A patient has fallen very ill and has been advised to take exactly one pill of medicine X and exactly one pill of medicine Y each day, lest he die from either illness or overdosage. These pills must be taken together. The patient has bottles of X pills and Y pills. He puts one of the X pills in his hand. Then while tilting the bottle of Y pills, two Y pills accidentally fall out. Now there are three pills in his hand. Because both types of pill look identical, he cannot tell which two pills are type Y and which is type X. Since the pills are extremely expensive, the patient does not wish to throw away the ones in his hand. How can he save the pills in his hand and still maintain a proper daily dosage?

November 21st, 2012 Puzzle

I took the graph y=4x+7 and performed the four transformations below.
Reflect in the vertical axis
Translate down by three units
Translate left by two units
Reflect in the horizontal axis
Unfortunately, I can’t remember the order in which I carried out the four transformations, but I know that I ended up with the graph of y = 4×-2.
Find an order in which I could have carried out the transformations.
There is more than one way of doing this – can you find them all?
Try to explain why different orders can lead to the same outcome.
What other lines could I have ended up with if I had performed the four transformations in a different order?
For the solution and more puzzles see http://nrich.maths.org/6544/solution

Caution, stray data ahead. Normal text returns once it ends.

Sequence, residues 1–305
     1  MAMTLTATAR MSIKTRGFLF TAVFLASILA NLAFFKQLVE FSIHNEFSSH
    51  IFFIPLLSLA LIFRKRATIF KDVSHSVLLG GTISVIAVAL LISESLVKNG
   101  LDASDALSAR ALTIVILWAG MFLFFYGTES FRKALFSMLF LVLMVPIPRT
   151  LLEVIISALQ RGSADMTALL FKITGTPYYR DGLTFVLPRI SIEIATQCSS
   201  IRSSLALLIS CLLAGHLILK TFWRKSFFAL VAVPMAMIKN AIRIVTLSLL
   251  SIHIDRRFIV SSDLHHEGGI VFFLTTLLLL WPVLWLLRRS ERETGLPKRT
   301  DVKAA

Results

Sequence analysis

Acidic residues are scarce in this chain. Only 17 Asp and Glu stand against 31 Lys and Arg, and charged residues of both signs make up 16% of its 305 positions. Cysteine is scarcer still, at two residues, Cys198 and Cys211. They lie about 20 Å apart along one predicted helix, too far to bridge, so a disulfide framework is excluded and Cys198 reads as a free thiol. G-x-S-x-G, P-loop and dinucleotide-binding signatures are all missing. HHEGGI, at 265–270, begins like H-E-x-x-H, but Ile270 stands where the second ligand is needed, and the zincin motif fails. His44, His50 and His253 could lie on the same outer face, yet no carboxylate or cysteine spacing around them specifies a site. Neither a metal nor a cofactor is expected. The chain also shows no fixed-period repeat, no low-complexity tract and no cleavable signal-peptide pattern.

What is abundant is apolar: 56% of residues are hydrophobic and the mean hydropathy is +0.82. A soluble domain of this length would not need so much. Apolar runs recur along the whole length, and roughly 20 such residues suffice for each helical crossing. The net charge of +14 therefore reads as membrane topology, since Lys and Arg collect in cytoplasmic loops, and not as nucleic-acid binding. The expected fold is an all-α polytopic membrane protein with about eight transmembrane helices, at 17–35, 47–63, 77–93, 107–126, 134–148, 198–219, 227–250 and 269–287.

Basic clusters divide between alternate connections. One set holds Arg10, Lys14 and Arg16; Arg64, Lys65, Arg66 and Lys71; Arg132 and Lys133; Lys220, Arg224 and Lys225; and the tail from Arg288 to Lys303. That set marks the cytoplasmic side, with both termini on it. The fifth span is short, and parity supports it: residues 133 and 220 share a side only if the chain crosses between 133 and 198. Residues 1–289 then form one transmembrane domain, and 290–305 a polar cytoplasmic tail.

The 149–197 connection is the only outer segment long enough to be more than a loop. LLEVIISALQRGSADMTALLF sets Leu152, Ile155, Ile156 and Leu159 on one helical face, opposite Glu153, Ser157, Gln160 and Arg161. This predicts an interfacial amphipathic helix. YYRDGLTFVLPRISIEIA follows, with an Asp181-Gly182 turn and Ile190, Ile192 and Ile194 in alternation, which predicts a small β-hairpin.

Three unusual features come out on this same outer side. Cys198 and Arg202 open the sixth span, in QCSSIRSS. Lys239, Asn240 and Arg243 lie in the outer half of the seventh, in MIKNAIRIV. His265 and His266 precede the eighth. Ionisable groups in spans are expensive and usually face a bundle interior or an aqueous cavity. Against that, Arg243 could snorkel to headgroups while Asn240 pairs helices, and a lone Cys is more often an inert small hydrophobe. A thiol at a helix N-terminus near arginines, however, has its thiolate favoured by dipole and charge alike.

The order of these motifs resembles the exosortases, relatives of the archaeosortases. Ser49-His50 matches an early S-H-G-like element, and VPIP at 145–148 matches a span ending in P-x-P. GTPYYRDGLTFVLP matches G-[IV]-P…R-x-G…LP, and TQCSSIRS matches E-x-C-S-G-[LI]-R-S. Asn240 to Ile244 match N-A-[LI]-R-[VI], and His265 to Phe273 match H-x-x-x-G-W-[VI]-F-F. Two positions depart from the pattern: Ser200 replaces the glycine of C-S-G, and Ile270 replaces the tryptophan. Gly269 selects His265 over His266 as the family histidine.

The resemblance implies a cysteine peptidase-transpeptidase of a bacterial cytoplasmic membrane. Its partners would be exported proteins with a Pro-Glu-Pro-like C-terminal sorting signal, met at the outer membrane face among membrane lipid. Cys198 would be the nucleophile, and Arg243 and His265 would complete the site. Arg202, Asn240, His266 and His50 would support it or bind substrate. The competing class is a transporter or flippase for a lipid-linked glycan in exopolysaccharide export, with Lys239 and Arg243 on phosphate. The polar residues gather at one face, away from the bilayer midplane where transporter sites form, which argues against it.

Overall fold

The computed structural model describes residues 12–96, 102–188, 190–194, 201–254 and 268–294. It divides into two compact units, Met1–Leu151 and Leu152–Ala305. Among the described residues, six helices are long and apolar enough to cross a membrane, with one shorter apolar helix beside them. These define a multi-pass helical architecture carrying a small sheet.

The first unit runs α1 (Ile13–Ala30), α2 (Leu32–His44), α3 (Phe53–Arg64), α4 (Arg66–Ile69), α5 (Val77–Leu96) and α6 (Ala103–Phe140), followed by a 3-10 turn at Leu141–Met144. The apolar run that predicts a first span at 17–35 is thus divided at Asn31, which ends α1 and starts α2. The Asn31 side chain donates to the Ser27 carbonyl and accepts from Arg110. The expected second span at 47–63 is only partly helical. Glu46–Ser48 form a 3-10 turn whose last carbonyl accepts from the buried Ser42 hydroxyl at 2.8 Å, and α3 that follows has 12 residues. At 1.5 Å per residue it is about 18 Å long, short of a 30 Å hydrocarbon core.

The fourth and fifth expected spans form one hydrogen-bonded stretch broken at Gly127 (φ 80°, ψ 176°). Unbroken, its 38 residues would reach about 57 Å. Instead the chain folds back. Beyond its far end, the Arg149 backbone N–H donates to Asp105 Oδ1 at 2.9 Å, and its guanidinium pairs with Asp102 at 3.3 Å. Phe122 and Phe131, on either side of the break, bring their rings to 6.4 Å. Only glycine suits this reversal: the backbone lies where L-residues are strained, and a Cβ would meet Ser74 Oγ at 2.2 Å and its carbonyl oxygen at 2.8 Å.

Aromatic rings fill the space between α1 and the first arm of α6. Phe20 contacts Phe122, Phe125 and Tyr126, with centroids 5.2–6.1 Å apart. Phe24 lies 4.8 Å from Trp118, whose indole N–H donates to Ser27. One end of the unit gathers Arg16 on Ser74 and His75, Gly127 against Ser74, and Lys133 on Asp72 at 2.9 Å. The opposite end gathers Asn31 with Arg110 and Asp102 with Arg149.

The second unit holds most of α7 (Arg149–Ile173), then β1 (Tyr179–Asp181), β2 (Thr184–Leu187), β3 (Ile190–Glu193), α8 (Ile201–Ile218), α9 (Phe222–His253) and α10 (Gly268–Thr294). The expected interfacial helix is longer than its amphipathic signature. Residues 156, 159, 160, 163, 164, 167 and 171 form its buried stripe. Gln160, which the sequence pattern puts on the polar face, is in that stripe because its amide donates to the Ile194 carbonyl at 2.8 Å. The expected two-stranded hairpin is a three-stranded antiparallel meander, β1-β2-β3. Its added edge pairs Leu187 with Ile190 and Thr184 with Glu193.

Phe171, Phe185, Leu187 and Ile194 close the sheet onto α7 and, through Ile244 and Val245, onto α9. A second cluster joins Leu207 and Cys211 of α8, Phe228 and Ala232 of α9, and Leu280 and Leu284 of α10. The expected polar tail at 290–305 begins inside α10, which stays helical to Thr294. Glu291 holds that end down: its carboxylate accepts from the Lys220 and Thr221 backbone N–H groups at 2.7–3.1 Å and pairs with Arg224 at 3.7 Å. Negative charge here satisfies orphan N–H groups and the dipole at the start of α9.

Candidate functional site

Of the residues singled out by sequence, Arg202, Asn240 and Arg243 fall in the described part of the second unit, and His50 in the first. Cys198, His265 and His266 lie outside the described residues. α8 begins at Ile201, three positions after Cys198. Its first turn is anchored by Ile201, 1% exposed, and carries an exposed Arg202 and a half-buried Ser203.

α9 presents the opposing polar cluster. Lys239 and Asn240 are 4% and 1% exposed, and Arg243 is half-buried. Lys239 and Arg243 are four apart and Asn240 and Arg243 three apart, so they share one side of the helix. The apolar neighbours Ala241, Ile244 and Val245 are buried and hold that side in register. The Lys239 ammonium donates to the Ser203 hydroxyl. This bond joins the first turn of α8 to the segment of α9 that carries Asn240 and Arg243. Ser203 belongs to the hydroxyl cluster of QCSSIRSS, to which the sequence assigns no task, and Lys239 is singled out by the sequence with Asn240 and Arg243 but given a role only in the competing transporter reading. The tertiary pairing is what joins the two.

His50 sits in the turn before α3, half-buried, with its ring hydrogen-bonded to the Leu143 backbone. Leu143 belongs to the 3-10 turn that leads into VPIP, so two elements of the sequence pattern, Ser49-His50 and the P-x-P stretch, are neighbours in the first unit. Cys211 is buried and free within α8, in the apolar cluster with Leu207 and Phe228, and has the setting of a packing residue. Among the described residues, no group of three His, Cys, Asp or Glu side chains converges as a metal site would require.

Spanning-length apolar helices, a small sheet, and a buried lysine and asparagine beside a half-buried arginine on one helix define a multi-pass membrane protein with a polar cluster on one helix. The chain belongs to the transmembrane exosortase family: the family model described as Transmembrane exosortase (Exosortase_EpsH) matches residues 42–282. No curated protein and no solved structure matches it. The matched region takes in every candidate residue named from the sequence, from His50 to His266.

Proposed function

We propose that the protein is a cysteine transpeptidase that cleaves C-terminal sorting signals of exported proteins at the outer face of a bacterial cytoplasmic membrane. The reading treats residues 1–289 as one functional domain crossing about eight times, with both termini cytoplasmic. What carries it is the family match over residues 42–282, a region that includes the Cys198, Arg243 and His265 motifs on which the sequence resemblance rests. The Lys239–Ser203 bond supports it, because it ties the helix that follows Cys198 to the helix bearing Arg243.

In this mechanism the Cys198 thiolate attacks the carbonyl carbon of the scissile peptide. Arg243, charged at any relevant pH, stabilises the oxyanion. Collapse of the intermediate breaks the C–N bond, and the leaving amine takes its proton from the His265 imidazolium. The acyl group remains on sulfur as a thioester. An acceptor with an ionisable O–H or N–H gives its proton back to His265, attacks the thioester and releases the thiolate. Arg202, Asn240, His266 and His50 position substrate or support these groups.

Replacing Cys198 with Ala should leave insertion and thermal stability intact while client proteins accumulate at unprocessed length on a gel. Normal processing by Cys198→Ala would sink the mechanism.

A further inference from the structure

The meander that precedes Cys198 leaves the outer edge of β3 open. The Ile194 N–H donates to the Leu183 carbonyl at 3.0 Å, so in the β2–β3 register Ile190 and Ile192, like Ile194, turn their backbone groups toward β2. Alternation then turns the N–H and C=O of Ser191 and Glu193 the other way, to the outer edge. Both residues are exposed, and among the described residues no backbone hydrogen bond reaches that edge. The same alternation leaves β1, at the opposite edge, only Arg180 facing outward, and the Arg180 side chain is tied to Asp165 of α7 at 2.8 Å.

November 7th, 2012 Puzzle
Circle-in
A circle is inscribed in a triangle which has side lengths of 8, 15 and 17.
What is the radius of the circle?
Can you adapt your method to find the radius of a circle inscribed in any right-angled triangle ABC?
For the solution and more puzzles see http://nrich.maths.org/2163/solution

October 28st, 2011 Puzzle

Roll a standard pair of six-sided dice, and note the sum. There is one way of obtaining a 2, two ways of obtaining a 3, and so on, up to one way of obtaining a 12. Find all other pairs of six-sided dice such that:

1. The set of dots on each die is not the standard {1,2,3,4,5,6}.
2. Each face has at least one dot.
3. The number of ways of obtaining each sum is the same as for the standard dice.

For a hint, solution and many more puzzles see Nick’s Mathematical Puzzles.

October 24th, 2012

 21 FACTORIAL M 4/7/2003 12:17AM 21!=510909x21y1709440000 Without calculating 21!, what are the digits marked x and y?

October 21st 2011 Puzzle

This picture shows the start of Pascal’s triangle.  There are many patterns to be found within Pascal’s triangle.